She almost left the cattle industry for what she thought might be greener digs and better gigs. But, after Sarah Bradbury became involved with the National Beef Ambassador competition, she not only decided to find her own niche in the cattle business, she's worked to bring others into the beef fold.

The 19-year-old from Huntsville, TX, and sophomore at Trinity University in San Antonio has just completed a year as a National Beef Ambassador.

Leading her team of four other Beef Ambassadors, Bradbury helped chalk up more than 100,000 contacts with consumers and peer youth. Add to that 2.6 million media impressions — via radio, television and print — and the total equals nothing but good for American beef producers.

Spreading the good word

“Before I became involved in the Beef Ambassador competition I really wasn't thinking about a career in agriculture,” Bradbury says. “But, having the opportunity to travel and see what's going on around me in the beef business, I'm convinced this is what I want to do with the rest of my life.”

While preparing for this speaking competition, youth learn about the importance of the beef industry and beef as an agricultural product, says Carol Abrahamzon, Caledonia, MN. She's American National CattleWomen program chair for the Beef Ambassador competition.

“The program spotlights the positive impact the cattle industry has on our economy and families,” Abrahamzon says. She works closely throughout the year with the ambassadors, helping further train them to address industry issues and dispel misconceptions about the cattle business throughout all links in the beef chain.

“One of the ambassadors' major goals is to educate peers, consumers and producers about food safety and nutrition as they travel to events and present programs around the country,” she explains. Nearly 80% of the beef ambassadors' contacts and media impressions target non-agriculture audiences.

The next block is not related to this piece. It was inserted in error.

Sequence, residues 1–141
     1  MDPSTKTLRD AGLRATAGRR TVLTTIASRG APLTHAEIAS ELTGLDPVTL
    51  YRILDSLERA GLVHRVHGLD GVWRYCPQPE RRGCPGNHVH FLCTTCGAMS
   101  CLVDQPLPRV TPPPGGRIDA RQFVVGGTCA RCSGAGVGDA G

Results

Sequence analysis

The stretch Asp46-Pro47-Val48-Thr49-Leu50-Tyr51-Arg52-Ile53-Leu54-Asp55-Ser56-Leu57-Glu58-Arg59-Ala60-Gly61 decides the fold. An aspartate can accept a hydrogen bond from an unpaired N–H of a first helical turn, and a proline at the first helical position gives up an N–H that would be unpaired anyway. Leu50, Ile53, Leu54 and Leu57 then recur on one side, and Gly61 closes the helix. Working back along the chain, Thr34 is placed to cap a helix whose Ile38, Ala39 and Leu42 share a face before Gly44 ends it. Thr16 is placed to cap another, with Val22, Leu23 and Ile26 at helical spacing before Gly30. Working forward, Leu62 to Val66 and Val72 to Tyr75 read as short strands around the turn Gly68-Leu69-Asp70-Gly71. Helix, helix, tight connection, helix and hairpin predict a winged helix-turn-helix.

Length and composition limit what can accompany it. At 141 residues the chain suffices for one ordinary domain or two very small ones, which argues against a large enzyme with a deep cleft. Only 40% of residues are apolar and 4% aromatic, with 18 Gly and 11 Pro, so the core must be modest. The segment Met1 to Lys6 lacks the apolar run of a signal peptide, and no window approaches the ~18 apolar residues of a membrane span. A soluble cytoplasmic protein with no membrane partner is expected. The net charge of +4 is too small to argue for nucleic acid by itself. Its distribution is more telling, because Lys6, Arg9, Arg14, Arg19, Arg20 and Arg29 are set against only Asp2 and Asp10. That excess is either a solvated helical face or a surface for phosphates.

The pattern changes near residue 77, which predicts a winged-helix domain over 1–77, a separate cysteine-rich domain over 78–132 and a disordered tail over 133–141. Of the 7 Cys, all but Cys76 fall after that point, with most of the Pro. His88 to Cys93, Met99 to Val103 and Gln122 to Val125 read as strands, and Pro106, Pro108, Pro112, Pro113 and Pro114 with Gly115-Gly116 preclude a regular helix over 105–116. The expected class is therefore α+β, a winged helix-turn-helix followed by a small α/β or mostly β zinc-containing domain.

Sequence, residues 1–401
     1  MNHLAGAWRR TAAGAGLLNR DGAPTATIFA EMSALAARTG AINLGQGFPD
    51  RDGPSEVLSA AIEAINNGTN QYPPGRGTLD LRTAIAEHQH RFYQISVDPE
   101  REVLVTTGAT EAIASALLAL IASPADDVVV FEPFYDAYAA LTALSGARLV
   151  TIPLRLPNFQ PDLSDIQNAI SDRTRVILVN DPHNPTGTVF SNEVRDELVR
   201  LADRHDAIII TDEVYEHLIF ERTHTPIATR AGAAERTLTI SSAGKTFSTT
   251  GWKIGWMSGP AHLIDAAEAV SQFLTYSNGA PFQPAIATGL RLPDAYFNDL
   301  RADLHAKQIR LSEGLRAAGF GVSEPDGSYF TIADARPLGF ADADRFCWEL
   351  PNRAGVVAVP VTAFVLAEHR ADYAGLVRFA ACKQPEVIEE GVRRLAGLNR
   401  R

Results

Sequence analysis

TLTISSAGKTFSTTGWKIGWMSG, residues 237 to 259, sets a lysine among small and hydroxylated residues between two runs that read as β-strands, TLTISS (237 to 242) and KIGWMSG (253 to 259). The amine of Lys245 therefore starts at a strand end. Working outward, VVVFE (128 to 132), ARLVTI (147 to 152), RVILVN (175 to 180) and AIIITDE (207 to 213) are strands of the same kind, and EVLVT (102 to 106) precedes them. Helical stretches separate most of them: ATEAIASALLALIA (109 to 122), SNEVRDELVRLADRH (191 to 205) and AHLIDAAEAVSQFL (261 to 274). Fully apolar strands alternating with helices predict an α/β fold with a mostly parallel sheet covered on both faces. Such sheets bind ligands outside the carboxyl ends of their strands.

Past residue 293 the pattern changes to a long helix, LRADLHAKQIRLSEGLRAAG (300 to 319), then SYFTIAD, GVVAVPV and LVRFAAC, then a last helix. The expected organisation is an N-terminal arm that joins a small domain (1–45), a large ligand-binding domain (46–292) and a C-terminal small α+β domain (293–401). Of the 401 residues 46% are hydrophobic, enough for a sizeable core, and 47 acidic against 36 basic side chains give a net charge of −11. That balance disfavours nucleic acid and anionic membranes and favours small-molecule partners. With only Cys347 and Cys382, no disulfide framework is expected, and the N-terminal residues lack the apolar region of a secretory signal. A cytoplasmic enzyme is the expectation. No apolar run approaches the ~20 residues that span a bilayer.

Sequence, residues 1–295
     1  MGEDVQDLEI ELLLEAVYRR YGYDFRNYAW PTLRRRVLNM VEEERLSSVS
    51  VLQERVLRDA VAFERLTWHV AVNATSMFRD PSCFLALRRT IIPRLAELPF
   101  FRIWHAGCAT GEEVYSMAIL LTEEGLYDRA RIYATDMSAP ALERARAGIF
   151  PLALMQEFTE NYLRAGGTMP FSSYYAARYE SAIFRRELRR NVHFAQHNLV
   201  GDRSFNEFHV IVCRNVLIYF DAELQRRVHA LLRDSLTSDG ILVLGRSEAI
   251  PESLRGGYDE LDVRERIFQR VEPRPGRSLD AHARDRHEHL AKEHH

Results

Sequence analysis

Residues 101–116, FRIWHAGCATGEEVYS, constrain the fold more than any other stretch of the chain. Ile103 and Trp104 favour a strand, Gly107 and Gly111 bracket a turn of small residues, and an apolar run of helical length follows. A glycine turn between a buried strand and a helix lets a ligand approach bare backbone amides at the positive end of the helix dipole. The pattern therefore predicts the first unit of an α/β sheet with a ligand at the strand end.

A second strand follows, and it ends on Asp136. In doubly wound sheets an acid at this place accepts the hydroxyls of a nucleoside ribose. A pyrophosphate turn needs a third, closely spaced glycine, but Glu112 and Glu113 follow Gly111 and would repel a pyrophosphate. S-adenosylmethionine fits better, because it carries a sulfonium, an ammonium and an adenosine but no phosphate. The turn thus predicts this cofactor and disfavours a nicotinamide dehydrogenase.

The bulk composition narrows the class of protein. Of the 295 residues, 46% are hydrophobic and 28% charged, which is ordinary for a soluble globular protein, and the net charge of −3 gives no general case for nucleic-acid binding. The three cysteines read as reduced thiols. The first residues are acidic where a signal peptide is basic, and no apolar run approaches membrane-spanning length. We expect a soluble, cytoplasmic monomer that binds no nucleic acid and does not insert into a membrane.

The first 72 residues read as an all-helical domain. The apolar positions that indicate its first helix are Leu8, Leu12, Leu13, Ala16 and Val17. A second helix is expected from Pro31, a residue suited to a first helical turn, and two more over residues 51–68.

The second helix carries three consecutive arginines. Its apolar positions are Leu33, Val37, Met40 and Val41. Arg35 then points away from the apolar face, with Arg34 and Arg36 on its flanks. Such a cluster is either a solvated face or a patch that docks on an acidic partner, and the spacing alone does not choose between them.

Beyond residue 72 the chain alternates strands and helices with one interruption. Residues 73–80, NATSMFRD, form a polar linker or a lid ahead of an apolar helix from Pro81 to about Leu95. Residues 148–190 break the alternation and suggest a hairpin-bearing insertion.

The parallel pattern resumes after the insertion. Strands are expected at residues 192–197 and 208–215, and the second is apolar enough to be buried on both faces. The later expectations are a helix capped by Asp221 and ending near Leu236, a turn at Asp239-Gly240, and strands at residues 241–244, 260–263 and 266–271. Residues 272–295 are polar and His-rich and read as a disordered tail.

“The real clincher to this program is how these youth ambassadors interact on a one-on-one basis with peers and consumers,” she says. “People really trust them and recognize the passion they have for this industry — and they understand the ambassadors are not promoting any hidden agenda or vested interest.”

Training is key

“You never quite know what you're going to face when you go before a group or when you're approached by someone,” Abrahamzon says of the ambassadors. “Therefore, they must be prepared for about any question or comment that might come up. Also, we know they can't get by on rhetoric; rather we need to use facts and science-based analysis when making points and addressing questions.”

The $82,000 in checkoff money dedicated to the Beef Ambassador program annually leverages significant outside resources including a major grant provided by Shared SolutionsSM Agricultural Initiative of the Altria family of companies. This grant picks up the travel tab for national winners.

But, the impact of the Beef Ambassador program is not just felt externally. A recent survey of past Beef Ambassador participants shows nearly 80% of all who reach national-level competition choose to pursue careers in the cattle industry or remain involved in the beef business.